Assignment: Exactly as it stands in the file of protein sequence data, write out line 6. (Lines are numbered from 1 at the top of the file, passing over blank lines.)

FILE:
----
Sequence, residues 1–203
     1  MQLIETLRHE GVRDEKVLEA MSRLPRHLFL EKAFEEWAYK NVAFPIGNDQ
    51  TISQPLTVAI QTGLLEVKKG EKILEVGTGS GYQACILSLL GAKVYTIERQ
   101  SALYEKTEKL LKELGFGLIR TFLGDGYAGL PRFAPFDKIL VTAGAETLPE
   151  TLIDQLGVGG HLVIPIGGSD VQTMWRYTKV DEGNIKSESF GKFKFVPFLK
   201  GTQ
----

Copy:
   201  GTQ